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Follow the money – time to repair election finance regulation

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Graphic containing 4 line drawings of: a group of people, a ballot box, party rosettes and scales of justice

Following the money spent at elections is no easy task. Cumbersome and fragmented electoral law, new digital campaign methods, different regimes for candidates and parties, a system run largely by volunteers in the heat of the hustings makes for a particularly complex picture.

We need an effective system with robust rules that are simple to understand and enforced proportionately.

Our electoral system should support democracy, making sure that parties and candidates — particularly those who might not have the backing of an experienced and well-resourced compliance team — can comply with the rules.

It’s important that the complexity of the system doesn’t deter people from standing for election. Equally, non-compliance needs to be dealt with firmly and swiftly.

Our role as an independent committee is — as John Major once described — to act as a body to do “running repairs” to maintain ethical standards. We believe that election finance regulation is badly in need of some attention.

Our new report today suggests practical steps to modernise and streamline the way donations and spending are reported, regulated and enforced.

Our recommendations include tightening the requirement to identify the true source of donations to reduce the potential for foreign money to influence UK elections, and increasing information about how money is spent at elections and referendums on digital campaigning.

Improving the regulation of money spent by third parties at elections and rebalancing the criminal and civil sanctions available for breaches of the law, leaving criminal sanctions for the most serious breaches, such as deliberate attempts to circumvent the system.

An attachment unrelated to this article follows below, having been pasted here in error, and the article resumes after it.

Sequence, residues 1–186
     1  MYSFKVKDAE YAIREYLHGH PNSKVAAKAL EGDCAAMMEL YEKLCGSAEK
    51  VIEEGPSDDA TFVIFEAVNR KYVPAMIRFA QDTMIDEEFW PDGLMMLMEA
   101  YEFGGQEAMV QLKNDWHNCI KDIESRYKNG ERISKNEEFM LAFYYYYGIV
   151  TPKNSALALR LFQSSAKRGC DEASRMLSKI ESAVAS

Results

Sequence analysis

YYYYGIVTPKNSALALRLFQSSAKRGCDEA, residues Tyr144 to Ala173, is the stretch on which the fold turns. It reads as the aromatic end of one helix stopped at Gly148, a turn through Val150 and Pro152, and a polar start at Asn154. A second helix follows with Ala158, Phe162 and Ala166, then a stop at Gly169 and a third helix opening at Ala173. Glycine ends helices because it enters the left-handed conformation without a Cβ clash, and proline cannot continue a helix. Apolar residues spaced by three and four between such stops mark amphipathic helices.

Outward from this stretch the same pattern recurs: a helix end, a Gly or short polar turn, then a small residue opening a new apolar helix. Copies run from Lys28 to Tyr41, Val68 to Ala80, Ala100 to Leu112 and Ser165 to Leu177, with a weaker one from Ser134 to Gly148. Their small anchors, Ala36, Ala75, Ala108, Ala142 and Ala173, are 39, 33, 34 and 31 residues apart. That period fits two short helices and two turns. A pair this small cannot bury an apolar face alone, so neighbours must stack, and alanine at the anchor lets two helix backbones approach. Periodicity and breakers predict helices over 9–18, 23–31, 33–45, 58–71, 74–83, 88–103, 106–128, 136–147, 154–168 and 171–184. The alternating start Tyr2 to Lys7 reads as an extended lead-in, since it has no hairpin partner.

Decriminalising offences relating to administrative requirements and increasing the effectiveness of the civil regime through time limits for Electoral Commission investigations, proportionate fines and improvements to guidance and advice.

And finally, extending civil sanctions to include candidate finance laws, ending the current “cliff edge” where candidates face either criminal prosecution or nothing, and greater transparency about how parties, campaigners and candidates spend money through a single, centralised database.

The public deserves to know how money is being spent to influence their vote — and where that money comes from.

The government and the Electoral Commission could prioritise many of these changes now, well in advance of any election. The passage of the Elections Bill offers a ready opportunity to make these proportionate changes.

Our recommendations deliver significant improvements to give a more transparent, proportionate and effective system for candidates, campaigners, parties and the public alike. It’s time to repair the system.


This blog first appeared in The Times on 7 July 2021.

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